LAKE IN THE HILLS – According to a village analysis of the county’s continuous flow intersection plans, the project will cost taxing bodies an extra $35.8 million over the course of 20 years.
Lake in the Hills officials, who are fighting the proposed configuration, said a conventional intersection would only cost $12.6 million to build and there would be no loss in tax revenue. The continuous flow intersection would have a total cost of $48.6 million when including the construction and the lost revenue.
“There’s quite a difference there,” Village President Paul Mulcahy said.
The analysis is based on the cost to build the intersection, the cost to buy land necessary for the project, and the estimated loss of property tax and sales tax revenue.
As part of the county’s continuous flow intersection plan, the county needs to acquire the Bank of America building at the northeast corner of Randall and Algonquin roads and the Citgo Gas station at the southwest corner.
The village based its estimates for the bank purchase off documents from when the bank bought the land in 2004 and constructed the 4,500-square-foot building.
If the county bought the land, there would be a loss of $2.37 million in property tax revenues over 20 years, village officials estimated.
It based the gas station purchase estimate off how much Citgo bought the gas station for in 2004.
The village also said there would be a loss in sales tax revenue to Algonquin and to the Regional Transportation Authority.
Lake in the Hills estimates there would be a loss of $4.1 million in local sales tax, $1.75 million of RTA sales tax and $12.3 million lost in state sales tax over 20 years.
“There’s quite a bit of revenue lost from a gas station,” Mulcahy said.
Village Administrator Gerald Sagona said the lost revenue from the Citgo was based off the average revenue of two gas stations in Lake in the Hills in 2013.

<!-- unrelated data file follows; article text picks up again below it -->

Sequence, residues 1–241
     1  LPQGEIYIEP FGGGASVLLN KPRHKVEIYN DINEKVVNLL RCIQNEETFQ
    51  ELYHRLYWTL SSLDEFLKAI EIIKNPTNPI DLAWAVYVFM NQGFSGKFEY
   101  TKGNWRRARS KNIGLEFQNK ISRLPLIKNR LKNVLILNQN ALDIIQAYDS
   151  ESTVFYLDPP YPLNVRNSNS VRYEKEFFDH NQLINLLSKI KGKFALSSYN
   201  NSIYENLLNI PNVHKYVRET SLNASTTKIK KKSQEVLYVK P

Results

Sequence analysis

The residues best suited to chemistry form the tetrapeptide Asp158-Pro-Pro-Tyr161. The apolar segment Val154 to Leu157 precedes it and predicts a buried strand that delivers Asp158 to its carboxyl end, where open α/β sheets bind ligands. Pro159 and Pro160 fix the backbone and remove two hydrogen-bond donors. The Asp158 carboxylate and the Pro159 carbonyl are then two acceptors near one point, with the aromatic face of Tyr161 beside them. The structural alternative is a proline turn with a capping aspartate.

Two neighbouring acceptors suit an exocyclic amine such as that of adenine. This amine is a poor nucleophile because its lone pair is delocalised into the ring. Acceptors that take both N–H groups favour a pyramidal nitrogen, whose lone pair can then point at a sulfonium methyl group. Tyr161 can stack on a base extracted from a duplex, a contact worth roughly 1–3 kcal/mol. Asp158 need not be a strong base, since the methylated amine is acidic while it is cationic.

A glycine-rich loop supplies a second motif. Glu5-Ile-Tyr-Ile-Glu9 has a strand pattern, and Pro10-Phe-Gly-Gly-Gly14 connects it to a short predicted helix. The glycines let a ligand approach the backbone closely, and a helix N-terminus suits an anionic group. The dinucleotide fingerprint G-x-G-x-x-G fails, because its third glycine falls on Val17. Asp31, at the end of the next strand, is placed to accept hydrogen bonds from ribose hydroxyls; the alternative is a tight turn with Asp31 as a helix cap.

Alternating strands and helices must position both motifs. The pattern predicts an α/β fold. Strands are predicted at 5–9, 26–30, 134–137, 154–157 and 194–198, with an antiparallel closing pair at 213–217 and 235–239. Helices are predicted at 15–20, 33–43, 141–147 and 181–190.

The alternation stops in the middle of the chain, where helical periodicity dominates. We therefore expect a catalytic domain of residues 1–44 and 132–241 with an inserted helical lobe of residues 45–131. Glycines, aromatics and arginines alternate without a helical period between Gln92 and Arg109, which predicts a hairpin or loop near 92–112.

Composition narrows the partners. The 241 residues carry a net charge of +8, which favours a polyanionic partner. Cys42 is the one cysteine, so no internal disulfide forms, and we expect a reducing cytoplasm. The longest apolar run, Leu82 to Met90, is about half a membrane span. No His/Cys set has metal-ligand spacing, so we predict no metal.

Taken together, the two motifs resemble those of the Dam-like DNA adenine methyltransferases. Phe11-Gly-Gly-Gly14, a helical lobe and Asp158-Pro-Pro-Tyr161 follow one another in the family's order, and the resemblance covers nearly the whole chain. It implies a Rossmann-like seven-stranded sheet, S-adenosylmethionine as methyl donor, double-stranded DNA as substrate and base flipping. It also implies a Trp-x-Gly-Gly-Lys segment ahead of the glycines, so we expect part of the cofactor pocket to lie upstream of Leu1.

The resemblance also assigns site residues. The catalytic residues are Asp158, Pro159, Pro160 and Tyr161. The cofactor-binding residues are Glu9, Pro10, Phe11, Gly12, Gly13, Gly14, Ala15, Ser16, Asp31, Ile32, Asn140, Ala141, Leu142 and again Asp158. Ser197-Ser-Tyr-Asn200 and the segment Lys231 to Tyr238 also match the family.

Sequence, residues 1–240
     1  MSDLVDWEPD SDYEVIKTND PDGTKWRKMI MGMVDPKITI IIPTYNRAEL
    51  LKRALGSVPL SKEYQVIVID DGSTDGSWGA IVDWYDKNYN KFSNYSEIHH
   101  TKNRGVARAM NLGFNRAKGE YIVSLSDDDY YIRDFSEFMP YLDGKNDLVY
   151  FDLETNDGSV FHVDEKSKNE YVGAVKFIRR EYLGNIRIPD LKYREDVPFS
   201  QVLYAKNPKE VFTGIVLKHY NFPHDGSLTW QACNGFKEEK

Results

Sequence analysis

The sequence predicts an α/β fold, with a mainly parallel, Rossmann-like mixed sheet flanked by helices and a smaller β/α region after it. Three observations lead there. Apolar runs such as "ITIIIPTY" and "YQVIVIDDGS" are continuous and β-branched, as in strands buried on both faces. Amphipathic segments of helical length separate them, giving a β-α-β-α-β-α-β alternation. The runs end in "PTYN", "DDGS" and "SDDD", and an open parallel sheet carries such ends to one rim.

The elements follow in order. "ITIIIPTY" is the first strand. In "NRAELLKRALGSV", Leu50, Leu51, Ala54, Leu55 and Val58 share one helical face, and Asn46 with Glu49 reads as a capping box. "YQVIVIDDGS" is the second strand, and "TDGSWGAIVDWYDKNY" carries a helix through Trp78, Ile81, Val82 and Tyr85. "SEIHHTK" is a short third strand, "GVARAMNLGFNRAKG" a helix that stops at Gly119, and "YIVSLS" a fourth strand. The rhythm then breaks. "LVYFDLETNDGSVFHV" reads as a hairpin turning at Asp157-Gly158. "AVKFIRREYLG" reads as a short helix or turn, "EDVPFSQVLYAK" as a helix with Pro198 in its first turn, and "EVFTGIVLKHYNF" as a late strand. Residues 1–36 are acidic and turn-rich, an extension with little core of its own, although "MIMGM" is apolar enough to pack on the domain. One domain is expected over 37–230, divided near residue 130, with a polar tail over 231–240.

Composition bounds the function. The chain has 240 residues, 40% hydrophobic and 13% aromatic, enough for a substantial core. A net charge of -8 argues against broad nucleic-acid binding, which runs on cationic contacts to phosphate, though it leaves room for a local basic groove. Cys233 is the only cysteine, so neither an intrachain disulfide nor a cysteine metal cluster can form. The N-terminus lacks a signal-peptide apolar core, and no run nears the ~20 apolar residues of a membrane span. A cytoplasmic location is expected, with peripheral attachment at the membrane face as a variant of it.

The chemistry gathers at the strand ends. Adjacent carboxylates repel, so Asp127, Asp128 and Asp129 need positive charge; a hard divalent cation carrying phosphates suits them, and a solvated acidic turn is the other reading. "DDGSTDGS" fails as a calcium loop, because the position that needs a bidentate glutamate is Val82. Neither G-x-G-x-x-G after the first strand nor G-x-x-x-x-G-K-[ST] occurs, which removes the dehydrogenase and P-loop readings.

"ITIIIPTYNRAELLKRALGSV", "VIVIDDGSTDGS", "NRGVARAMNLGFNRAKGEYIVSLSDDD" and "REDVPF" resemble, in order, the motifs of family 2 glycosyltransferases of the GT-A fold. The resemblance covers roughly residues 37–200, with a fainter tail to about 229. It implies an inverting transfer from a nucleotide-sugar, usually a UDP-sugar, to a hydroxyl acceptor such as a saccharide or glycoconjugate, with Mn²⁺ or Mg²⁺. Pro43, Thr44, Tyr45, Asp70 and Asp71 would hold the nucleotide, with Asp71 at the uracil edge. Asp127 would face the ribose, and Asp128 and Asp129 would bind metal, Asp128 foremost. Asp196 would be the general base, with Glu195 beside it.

Sagona said he could not disclose which gas stations he used to estimate the Citgo revenue because of confidentiality agreements. He did say one was a high-volume gas station and one was a “not as high” volume gas station.
Sagona said it was a conservative estimate.
Lake in the Hills has been adamant about its opposition to the proposed continuous flow intersection because it limits access to retail businesses at the intersection.
Sagona said the information has been distributed to McHenry County Board members via email.
County Administrator Peter Austin said he has yet to digest the Lake in the Hills analysis.
The county has hired a firm to look at the issues of balancing commerce and transportation issues and concerns at the intersection, and there are many scenarios of “what-ifs.”
“We’ll be looking at all the angles,” Austin said. “The County Board wants to be thoughtful about it and all the scenarios. We’ll do that.”
The county is in the second phase of design and engineering for the proposed Randall Road improvements. Part of the 3.5-mile corridor improvement, which calls for widening Randall Road from County Line Road to Ackman Road, is a controversial continuous flow intersection at Randall and Algonquin roads.
In a continuous flow intersection, those turning left move into turn lanes earlier than in traditional intersections, and the separate lanes allow them to go left at the same time other vehicles are proceeding straight through. The county estimates the delay at the continuous flow intersection would be 38 seconds compared with 93 seconds for a conventional intersection.